Evan La Londe

Evan La Londe, Sundials

Artist Reception Sunday October 22, 1-3pm

October 22-December 2, 2017

 

Melanie Flood Projects is pleased to announce Sundials, a solo exhibition of new photographic work by Evan La Londe:

I photograph this inside-out camera with another camera, and record its changing face. I want to see what’s underneath that face, or what’s behind that image, so I look at the images as they would appear inside the camera. Everything is flipped, it’s inversed. Sunlight looks black and blue, not orange and yellow. It’s actually green, not pink. The light appears painted like a shadow, and the shadow looks painted by light. Is this what things really look like? I try to internalize this somehow. I paint those backwards images with a brush, I spray the color across a surface, and the paint looks like cast shadows. when painted with masks. The paint acts like light, but it fails because paint isn’t light, and light isn’t material. Or is it? If you photograph a shadow, is it still a shadow?

Sundials is an exhibition of photographs that record the motion of the sun by capturing a multitude of colors and light as it reflects off a simple shadow casting object built in the artist’s studio. Shifting forms of daytime shadows and changing values of light are registered by a digital sensor. Observing light and shadow on a screen in an inverted state, La Londe renders these moments with flashe and tempera, which leave evidence of brush-strokes and accidental drips of paint. Mistakes are made, and these artifacts reveal the materiality of shadows, and their sensory impressions. His paintings are stand-ins for the photographic negative, and their image is also printed like an analogue negative would be: photographed with a camera, inverted in Photoshop, and printed as pigment-based inkjet prints, at a 1:1 scale of the paintings they depict. These new images appear as “positives,” (which we often forget all photographs are), but become uniquely distorted and altered through their making.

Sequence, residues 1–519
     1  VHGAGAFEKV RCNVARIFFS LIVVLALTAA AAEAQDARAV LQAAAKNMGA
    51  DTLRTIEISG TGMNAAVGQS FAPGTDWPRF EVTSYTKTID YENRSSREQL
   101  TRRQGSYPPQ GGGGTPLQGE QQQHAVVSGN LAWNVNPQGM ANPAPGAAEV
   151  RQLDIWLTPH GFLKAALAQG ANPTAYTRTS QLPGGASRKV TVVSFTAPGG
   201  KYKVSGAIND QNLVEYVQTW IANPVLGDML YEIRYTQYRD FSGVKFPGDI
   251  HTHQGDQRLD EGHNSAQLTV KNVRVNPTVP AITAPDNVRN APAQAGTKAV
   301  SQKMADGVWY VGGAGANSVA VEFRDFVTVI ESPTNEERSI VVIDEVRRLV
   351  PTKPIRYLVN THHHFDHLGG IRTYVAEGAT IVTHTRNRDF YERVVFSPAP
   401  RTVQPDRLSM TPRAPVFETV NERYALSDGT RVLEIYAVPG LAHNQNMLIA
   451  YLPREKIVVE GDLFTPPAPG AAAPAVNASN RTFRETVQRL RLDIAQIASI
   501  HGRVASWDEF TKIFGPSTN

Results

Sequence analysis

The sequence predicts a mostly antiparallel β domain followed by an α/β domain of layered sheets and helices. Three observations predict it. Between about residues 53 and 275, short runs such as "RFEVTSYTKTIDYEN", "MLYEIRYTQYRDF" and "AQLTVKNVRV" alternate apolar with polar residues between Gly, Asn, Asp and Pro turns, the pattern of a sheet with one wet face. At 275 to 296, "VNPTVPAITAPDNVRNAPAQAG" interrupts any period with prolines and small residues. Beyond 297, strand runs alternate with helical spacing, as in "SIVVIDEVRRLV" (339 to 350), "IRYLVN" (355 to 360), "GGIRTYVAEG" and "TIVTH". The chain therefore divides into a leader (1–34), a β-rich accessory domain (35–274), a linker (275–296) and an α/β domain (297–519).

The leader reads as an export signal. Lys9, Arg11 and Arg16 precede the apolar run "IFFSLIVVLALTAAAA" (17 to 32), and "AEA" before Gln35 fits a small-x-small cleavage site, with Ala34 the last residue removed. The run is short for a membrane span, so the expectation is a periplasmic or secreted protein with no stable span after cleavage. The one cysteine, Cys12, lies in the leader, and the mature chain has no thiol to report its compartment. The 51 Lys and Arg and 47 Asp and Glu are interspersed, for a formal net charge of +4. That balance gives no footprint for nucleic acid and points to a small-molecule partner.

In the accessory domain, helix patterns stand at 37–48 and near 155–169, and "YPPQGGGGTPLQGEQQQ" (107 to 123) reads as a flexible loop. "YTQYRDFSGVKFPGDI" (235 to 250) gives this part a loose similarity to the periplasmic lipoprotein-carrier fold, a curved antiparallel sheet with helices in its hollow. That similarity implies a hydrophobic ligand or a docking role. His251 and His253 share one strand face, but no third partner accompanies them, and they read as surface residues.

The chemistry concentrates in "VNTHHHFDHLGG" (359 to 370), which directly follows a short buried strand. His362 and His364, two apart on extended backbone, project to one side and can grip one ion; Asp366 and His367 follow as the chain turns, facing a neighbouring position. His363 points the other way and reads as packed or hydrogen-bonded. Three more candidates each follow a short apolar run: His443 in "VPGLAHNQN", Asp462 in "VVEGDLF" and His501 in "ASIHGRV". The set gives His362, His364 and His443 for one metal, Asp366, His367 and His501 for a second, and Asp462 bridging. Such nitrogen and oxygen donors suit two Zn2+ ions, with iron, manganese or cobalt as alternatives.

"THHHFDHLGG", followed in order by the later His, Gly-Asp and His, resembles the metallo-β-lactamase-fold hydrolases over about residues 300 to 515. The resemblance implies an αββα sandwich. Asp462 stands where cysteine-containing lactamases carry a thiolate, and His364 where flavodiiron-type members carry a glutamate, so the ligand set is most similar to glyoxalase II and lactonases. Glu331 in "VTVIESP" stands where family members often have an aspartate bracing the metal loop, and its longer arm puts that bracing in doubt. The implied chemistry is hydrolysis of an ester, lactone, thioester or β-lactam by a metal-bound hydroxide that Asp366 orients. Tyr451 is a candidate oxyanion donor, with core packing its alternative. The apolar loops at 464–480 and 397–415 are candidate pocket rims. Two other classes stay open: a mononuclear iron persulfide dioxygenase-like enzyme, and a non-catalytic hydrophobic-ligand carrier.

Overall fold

La Londe’s photographs are without environmental context or narrative allowing the viewer to consider how we see and not what we see. Shadows conceal the space they occupy and foster a meditative expanse to get lost in. By “studying in the dark, in the shadow, one becomes lost through perpetual wandering or withdrawing from determinate ends. It is a kind of night practice where we encounter the mysteries obscured by the daylight.” The resulting works are a meditation of photography’s influence on our world of perception.

Evan La Londe lives and works in Portland, Oregon. La Londe has presented work in numerous group exhibitions including Tomorrow Tomorrow, CANADA (New York, 2017), A Marginal Tic, Fourteen30 Contemporary (Portland, 2016), Portland 2014: A Biennial of Contemporary Art, curated by Amanda Hunt, Disjecta Contemporary Art Center (Portland, 2014); Material Object, Charlie James Gallery (Los Angeles, 2014), Untitled (Collage with Squares Arranged According to Chance) Fourteen30 Contemporary (Portland, 2014), and Terrain Shift, lumber room (Portland, 2013). Evan was a finalist for the Brink award in 2015, holds an MFA from Portland State University, and a BFA from the Maryland Institute College of Art.

Sundials is the seventh and final installment of ongoing artist series at Melanie Flood Projects, Thinking Through Photography, an exploration of artists working with photography today. The series includes a comprehensive survey of contemporary photographic practices through programming that highlights experimental and diverse approaches to image making. Facilitated by exhibitions, artist talks, studio visits, interviews, and suggested readings which aim to expand the language surrounding photography, while also unveiling progressive work by local artists in the Pacific Northwest & beyond.

For images and more information, please contact the gallery at melaniefloodprojects@gmail.com or (503) 862-7912

Thinking Through Photography is made possible with support from the Precipice Fund, The Andy Warhol Foundation for the Visual Arts, and the Calligram Foundation/Allie Furlotti.

 

1. Tyson E. Lewis, On Study: Giorgio Agamben and Educational Potentiality, London: Routledge, 2013.